388: Once In A Lifetime, Snow

388: Once In A Lifetime, Snow

388: Once In A Lifetime, Snow

Read an automated transcript

Once In A Lifetime, Snow
by Les Murray

Winters at home brought wind,
black frost and raw
grey rain in barbed-wire fields,
but never more

until the day my uncle
rose at dawn
and stepped outside—to find
his paddocks gone,

his cattle to their hocks
in ghostly ground
and unaccustomed light
for miles around.

And he stopped short, and gazed
lit from below,
and half his wrinkles vanished
murmuring Snow.

A man of farm and fact
he stared to see
the facts of weather raised
to a mystery

white on the world he knew
and all he owned.
Snow? Here? he mused. I see.
High time I learned.

Here, guessing what he meant
had much to do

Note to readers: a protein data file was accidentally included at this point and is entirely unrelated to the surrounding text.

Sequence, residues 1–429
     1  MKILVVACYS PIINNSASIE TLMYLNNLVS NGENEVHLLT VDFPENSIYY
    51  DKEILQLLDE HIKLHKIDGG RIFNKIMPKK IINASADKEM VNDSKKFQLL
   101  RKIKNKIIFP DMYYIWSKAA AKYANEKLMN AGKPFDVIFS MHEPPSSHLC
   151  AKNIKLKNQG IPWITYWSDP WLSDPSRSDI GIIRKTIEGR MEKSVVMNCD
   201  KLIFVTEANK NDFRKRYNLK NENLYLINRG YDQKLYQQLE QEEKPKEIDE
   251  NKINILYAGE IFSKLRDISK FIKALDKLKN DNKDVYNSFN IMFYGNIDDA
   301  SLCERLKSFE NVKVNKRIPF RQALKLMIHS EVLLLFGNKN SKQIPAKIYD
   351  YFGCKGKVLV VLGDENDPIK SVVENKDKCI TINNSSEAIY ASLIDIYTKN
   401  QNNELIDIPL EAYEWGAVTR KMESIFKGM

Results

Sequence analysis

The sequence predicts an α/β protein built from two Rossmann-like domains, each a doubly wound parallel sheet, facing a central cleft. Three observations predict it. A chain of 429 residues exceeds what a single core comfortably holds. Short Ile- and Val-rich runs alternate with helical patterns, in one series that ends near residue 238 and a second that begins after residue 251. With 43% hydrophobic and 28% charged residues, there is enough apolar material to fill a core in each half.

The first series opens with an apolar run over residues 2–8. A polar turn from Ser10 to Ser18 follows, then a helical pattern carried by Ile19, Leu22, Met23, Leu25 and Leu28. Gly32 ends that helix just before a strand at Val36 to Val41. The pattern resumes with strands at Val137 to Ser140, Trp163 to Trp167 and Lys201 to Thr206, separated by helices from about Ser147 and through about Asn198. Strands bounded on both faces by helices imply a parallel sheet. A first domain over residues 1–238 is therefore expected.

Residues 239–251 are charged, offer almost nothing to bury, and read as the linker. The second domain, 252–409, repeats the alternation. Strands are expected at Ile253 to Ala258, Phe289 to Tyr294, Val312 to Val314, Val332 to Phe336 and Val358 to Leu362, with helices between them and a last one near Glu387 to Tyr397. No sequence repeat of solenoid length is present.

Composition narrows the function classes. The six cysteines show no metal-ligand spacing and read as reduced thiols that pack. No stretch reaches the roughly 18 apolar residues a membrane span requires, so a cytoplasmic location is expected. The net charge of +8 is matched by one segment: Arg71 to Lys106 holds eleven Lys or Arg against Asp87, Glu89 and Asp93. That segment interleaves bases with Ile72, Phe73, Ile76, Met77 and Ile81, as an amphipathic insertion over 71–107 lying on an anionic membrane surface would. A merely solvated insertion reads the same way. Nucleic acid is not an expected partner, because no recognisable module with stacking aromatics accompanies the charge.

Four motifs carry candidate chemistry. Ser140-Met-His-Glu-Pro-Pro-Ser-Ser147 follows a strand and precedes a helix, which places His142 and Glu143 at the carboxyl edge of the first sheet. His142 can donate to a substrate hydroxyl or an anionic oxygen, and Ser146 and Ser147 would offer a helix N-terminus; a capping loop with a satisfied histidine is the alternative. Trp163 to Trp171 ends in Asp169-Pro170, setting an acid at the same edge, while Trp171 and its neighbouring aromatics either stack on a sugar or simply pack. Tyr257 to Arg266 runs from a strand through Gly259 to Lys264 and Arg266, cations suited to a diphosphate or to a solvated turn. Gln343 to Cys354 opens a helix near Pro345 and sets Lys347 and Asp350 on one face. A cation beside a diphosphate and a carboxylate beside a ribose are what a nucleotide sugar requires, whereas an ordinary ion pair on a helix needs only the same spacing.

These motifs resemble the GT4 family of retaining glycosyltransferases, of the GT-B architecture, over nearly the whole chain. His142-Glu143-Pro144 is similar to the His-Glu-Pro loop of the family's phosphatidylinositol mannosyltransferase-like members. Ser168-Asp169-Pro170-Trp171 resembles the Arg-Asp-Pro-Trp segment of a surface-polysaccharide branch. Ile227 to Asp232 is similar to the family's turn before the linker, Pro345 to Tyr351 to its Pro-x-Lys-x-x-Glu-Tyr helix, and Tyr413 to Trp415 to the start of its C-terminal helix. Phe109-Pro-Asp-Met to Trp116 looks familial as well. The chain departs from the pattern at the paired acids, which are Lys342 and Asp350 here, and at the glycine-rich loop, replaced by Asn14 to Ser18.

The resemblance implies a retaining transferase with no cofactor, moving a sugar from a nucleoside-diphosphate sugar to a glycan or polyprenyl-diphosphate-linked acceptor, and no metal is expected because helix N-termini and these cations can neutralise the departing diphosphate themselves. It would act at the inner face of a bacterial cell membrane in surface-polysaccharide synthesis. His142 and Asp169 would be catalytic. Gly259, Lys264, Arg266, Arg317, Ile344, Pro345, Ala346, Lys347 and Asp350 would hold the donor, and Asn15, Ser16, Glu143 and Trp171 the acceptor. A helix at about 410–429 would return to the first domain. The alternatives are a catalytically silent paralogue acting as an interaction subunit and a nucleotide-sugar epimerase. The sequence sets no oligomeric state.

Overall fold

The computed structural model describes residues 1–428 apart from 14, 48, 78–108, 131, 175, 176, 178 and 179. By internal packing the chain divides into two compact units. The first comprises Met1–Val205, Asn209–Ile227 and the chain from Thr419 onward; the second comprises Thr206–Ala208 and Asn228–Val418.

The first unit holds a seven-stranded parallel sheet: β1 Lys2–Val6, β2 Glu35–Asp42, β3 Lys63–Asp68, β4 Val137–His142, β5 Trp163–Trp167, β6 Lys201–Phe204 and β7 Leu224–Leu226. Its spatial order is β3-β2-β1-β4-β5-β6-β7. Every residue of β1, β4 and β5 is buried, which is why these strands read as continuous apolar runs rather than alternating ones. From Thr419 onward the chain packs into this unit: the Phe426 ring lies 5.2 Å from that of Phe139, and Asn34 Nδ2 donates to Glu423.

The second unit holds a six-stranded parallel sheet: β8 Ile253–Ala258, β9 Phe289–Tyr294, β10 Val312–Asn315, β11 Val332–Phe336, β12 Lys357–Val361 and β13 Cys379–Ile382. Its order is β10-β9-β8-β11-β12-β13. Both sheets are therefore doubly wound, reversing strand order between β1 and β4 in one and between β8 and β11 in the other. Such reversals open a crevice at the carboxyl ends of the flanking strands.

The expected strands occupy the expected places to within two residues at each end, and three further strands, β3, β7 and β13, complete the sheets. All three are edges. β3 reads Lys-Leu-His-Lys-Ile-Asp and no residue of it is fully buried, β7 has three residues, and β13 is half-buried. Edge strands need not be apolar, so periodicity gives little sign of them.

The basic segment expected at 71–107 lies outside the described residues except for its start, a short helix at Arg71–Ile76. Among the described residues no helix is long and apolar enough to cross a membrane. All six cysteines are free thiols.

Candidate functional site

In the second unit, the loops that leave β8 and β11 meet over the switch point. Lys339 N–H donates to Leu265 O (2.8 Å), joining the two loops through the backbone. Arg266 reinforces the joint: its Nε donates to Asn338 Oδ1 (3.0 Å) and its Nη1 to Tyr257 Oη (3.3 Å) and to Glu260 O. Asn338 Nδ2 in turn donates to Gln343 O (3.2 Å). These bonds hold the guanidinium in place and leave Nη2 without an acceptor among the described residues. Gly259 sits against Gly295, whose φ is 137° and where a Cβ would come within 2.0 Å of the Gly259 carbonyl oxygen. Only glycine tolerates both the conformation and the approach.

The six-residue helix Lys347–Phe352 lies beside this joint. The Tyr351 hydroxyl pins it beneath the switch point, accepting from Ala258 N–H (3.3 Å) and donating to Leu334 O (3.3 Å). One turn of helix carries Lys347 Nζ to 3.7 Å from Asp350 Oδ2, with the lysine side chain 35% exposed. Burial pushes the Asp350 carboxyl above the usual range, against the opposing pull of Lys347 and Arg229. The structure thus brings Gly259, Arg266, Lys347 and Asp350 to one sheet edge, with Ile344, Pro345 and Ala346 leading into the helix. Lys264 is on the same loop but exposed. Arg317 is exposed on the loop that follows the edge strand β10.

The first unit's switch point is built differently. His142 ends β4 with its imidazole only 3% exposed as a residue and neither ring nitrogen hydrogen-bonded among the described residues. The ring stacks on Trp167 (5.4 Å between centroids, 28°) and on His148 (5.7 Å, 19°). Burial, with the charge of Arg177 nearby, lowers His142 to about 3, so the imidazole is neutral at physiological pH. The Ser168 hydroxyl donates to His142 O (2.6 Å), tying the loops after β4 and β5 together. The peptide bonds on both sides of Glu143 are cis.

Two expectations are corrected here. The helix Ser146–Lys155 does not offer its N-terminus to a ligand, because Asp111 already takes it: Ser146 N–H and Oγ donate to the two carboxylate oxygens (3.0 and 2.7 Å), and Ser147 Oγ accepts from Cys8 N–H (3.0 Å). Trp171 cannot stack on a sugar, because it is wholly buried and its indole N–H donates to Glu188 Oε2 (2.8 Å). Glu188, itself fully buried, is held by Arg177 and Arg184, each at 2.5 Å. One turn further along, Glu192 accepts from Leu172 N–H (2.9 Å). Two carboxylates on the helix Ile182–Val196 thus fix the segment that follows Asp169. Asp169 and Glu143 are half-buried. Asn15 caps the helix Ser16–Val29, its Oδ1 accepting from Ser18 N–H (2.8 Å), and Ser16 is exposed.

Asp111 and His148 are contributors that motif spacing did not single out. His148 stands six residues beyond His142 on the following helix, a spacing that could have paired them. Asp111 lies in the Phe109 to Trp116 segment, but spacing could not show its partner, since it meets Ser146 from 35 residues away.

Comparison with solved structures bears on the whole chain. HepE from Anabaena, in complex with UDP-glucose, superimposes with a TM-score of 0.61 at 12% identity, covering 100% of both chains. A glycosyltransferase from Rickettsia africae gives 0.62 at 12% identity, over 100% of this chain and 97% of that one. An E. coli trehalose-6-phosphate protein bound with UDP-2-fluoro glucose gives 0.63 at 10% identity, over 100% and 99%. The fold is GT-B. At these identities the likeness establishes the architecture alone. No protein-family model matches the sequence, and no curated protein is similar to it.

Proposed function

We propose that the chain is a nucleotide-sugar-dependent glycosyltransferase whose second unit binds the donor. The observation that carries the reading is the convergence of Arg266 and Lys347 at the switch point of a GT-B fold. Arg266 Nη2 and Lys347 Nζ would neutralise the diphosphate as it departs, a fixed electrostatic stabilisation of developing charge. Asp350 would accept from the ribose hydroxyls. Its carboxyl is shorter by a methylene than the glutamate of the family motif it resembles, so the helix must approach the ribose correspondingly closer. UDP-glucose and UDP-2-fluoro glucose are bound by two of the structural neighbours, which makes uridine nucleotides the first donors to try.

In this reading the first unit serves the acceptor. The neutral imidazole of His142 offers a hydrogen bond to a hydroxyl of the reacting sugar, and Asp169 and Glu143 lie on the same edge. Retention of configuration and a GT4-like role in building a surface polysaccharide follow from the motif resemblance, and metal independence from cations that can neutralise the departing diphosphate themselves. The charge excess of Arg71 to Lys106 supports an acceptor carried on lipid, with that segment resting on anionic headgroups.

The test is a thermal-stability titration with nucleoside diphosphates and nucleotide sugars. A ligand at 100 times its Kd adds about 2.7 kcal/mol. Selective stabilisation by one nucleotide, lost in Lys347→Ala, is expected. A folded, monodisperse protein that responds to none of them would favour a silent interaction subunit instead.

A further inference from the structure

with that black earth dread old men
are given to,

he stooped to break the sheer
crust with delight
at finding the cold unknown
so deeply bright,

at feeling it take his prints
so softly deep,
as if it thought he knew
enough to sleep,

or else so little he
might seek to shift
its weight of wintry light
by a single drift,

perceiving this much, he scuffed
his slippered feet
and scooped a handful up
to taste, and eat

in memory of the fact
that even he
might not have seen the end
of reality...

Then, turning, he tiptoed in
to a bedroom, smiled,
and wakened a murmuring child
and another child.

"Once In A Lifetime, Snow," by Les Murray, from THE RABBITER'S BOUNTY: COLLECTED POEMS by Les Murray, copyright © 1991 Farrar, Straus and Giroux. Used by permission of Farrar, Straus and Giroux.